Question Answer
0 View
Peringkat Artikel
1 звезда2 звезды3 звезды4 звезды5 звезд

What is the weakness of socialism?

Why Socialism Failed in the USA

Seymour Martin Lipset and Gary Marks, It Didn’t Happen Here: Why Socialism Failed in the United States. New York and London: W. W. Norton, 2000. 379 pp. $26.95 (cloth), ISBN: 0-393-04098-4.

Reviewed for EH.NET by Eric Rauchway, Modern History Faculty, Oxford University.
Published by EH.NET, April 2001.

Although Seymour Martin Lipset is now employed by George Mason University and enjoys fellowships at the Hoover Institution and the Woodrow Wilson International Center, his principal credential is as a New York Intellectual (City College division) and this book reflects the preoccupations of that vanishing circle. With Gary Marks, director of the Center for European Studies at the University of North Carolina, Lipset provides useful comparative international illustrations between the United States and other industrial nations in Europe and the Antipodes, but the real comparison in this book is the traditional one between the particulars of the American case and the predictions of Marxist theory.

This interpretive tack gives the book the tenor of a last word in a long conversation. The text refers explicitly to Daniel Bell, Louis Hartz, Richard Hofstadter, and Irving Howe, and apart from its evidentiary basis, the essential terms of the argument would have been familiar to them — and indeed to Marx, Engels, Weber, and Kautsky. It is the best-supported and subtlest version of the traditional thesis we are ever likely to get — but it looks over the heads of the present generation to the titans of the past without engaging current or recent scholarship to any great degree.

Lipset and Marks organize the book around assessments of the traditional arguments for socialism’s failure in the US. They use separate chapters to evaluate the respective influence of political structure, the American Federation of Labor, immigration, Socialist Party purism, and political repression on the fate of labor politics.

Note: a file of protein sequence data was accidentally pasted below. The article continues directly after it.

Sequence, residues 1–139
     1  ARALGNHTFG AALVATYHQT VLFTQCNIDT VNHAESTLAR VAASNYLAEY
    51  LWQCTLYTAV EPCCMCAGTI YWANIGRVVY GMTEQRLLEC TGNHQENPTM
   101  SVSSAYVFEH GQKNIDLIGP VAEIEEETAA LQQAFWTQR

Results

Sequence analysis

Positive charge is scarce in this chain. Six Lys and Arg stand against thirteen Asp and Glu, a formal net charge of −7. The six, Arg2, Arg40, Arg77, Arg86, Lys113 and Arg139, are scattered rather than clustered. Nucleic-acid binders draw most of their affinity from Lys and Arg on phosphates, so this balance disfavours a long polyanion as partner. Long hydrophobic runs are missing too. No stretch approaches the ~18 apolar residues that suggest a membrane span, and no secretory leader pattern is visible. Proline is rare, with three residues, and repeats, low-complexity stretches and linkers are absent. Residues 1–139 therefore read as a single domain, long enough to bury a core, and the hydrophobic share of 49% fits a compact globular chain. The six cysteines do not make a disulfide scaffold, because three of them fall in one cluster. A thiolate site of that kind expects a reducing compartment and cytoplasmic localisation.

They find in favor of a mixed theory of causation: a «not elegant, but . sensible» eclecticism, believing that «neither political, nor sociological, nor cultural factors alone are sufficient to explain the weakness of socialism in America» (p. 83). Despite its liberal tone, this very eclecticism rules out some of the favorite explanations for socialism’s American shortfalls. Once they find that the political system and culture tilted against socialist success, that immigration from diverse sources spoiled class consciousness, and that economic and political inclusion weakened the workers’ will to oppose Americanism, then the strategic decisions of individual politicians within the socialist movement, the labor movement, the Communist Party, and the two major political parties seem insignificant: «The failure of socialism in America was overdetermined» (p. 200).

Lipset and Marks’s attention to international comparison pays off most handsomely in eliminating lesser causes. They establish that the early enfranchisement of adult white males did not seduce them away from socialism in other nations, and so cannot be cited as a cause of their disinclination to vote Socialist in the US; that the Socialist Party of America hewed to a more radical line than its contemporary counterparts in other countries, and therefore cannot reasonably be impugned for being less Marxist than American workers would have liked; that political repression of socialism in the US was less thorough than in other nations, and so cannot reasonably be cited for the movement’s downfall (indeed, Lipset and Marks imply that the US government might have been insufficiently repressive for socialism to succeed — where repression was greater, so was allegiance to socialism).